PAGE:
gms | German Medical Science

MAINZ//2011: 56. GMDS-Jahrestagung und 6. DGEpi-Jahrestagung

Deutsche Gesellschaft für Medizinische Informatik, Biometrie und Epidemiologie e. V.
Deutsche Gesellschaft für Epidemiologie e. V.

26. - 29.09.2011 in Mainz

Cancer incidence among priests – 45 years of follow-up in four Nordic countries

Meeting Abstract

  • Andreas Stang - Universität Halle, Halle
  • Jan Ivar Martinsen - Cancer Registry of Norway, Oslo
  • Kristina Kjaerheim - Cancer Registry of Norway, Oslo
  • Elisabete Weiderpass - Karolinska Institute, Stockholm
  • Pär Sparen - Karolinska Institute, Stockholm
  • Laufey Tryggvadottir - Icelandic Cancer Registry, Reykjavik
  • Eero Pukkala - Finnish Cancer Registry, Helsinki

Mainz//2011. 56. Jahrestagung der Deutschen Gesellschaft für Medizinische Informatik, Biometrie und Epidemiologie (gmds), 6. Jahrestagung der Deutschen Gesellschaft für Epidemiologie (DGEpi). Mainz, 26.-29.09.2011. Düsseldorf: German Medical Science GMS Publishing House; 2011. Doc11gmds200

DOI: 10.3205/11gmds200, URN: urn:nbn:de:0183-11gmds2002

Published: September 20, 2011

© 2011 Stang et al.
This is an Open Access article distributed under the terms of the Creative Commons Attribution License (http://creativecommons.org/licenses/by-nc-nd/3.0/deed.en). You are free: to Share – to copy, distribute and transmit the work, provided the original author and source are credited.


Outline

Text

Objectives: Previously published studies on cancer risks among male priests were based on cancer mortality with the exception of one study. The aim of this study was to present cancer incidence estimates among Nordic male priests.

Methods: The study cohort for our analyses consisted of 6.5 million men aged 30-64 years participating in any computerised population census in three Nordic countries in 1990 or earlier [1]. Priests were identified by job title codes: 2,415 (58,500 person-years) from Finland, 2,018 (57,000 person-years) from Norway, 8,865 (234,000 person-years) from Sweden, and 103 (2,000 person-years) from Iceland. Follow-up was done by linkages with national population and cancer registries. Incident cancer cases were all invasive cancers and benign brain tumors. We estimated the standardized incidence ratio (SIR) and 95% confidence intervals (95%CI) using the male populations as reference.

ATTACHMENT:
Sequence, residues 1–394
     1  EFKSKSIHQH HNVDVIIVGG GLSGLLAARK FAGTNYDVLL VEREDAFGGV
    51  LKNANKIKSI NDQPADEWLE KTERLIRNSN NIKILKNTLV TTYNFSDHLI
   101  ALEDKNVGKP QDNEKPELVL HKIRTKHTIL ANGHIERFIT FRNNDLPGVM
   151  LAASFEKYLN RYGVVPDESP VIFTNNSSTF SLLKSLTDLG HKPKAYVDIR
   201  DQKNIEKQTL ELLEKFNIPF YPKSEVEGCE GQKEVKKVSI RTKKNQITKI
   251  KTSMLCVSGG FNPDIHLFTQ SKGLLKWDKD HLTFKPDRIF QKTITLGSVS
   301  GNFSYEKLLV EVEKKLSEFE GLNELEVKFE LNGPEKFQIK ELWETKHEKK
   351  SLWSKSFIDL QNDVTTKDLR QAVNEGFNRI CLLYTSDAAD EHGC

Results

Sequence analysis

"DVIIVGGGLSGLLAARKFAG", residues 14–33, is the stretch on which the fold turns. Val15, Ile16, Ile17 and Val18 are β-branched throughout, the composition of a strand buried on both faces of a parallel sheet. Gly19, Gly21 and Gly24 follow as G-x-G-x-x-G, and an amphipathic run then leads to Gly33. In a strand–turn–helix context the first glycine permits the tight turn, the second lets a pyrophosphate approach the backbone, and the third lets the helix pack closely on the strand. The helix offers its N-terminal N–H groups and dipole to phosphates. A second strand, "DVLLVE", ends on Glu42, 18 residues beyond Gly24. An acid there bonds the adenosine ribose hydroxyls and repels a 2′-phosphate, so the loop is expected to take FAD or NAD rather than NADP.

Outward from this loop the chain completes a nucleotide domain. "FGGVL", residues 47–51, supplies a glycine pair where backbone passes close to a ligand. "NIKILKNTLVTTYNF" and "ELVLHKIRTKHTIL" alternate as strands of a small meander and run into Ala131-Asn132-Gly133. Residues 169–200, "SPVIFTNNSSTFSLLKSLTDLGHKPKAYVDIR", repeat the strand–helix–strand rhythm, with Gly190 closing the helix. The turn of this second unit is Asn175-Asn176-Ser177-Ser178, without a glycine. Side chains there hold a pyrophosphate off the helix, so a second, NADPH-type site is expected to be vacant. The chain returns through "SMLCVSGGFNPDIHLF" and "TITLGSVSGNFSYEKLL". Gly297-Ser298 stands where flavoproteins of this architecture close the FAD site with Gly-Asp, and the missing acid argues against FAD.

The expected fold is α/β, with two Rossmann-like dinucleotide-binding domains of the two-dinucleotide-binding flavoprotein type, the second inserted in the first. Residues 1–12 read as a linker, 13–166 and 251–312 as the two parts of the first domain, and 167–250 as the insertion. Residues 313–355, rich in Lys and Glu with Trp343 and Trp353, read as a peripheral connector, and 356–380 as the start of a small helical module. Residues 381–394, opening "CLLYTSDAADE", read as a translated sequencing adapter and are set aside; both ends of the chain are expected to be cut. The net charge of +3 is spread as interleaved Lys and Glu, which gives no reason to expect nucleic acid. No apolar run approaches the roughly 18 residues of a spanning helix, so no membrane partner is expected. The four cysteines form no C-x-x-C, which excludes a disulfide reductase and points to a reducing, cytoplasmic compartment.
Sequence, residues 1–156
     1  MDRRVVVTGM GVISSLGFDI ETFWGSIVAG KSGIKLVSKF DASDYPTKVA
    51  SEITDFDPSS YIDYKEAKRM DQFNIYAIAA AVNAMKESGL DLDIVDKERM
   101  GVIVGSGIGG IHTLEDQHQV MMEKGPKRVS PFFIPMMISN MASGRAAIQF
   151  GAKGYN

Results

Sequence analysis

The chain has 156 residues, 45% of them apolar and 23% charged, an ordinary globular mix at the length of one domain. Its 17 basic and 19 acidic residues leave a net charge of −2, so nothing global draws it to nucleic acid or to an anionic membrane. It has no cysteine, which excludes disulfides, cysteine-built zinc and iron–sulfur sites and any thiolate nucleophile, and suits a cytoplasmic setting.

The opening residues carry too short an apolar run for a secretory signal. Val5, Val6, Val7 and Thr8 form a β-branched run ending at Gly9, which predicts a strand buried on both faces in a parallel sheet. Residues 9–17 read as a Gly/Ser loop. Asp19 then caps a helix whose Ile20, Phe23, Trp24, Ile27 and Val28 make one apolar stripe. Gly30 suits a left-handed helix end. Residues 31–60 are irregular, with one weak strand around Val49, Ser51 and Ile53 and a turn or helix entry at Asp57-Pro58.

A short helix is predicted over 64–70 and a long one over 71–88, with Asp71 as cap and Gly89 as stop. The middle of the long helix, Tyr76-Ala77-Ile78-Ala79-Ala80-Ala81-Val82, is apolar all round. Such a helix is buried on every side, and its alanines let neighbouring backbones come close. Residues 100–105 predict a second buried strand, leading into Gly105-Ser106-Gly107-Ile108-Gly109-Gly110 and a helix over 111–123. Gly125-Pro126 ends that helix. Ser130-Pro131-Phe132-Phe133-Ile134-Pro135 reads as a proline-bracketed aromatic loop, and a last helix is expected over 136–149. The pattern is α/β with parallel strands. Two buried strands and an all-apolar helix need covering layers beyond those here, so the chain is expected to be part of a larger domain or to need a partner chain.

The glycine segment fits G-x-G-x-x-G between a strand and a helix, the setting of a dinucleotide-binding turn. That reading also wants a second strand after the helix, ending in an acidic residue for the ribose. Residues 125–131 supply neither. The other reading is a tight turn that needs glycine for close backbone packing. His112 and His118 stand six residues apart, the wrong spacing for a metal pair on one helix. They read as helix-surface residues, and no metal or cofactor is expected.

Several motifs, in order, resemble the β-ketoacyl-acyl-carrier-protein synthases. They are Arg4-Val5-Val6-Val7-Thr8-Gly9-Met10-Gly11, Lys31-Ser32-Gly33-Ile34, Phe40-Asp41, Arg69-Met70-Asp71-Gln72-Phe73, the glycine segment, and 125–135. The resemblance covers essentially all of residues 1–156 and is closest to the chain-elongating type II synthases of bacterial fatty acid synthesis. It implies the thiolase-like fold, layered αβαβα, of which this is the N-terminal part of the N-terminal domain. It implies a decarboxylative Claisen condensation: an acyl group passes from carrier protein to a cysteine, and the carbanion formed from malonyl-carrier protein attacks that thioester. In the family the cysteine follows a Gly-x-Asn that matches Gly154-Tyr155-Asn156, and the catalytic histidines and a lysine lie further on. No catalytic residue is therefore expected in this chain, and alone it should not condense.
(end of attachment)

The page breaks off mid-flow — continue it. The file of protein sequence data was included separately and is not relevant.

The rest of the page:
Results: Priests had a lower cancer incidence than the general population (overall SIR 0.85, 95%CI: 0.82-0.88). The majority of smoking and alcohol-related cancers were associated with decreased SIR estimates. Increased risks were observed for skin melanoma (SIR 1.34, 95%CI: 1.11-1.62), acute myeloid leukemia (SIR 1.75, 95%CI: 1.20-2.47), and thyroid cancer (SIR 1.86, 95%CI: 1.22-2.73).

Conclusions: This is the first cohort study on the incidence of cancer among male priests. The decreased incidence of smoking and alcohol related cancers among priests is explained by the lower prevalence of these exposures among priests compared to the general population. The increased cancer risks remain to be explained and deserve further research.


References

1.
Pukkala E, Martinsen JI, Lynge E, et al. Occupation and cancer – follow-up of 15 million people in five Nordic countries. Acta Oncol. 2009;48:646-790.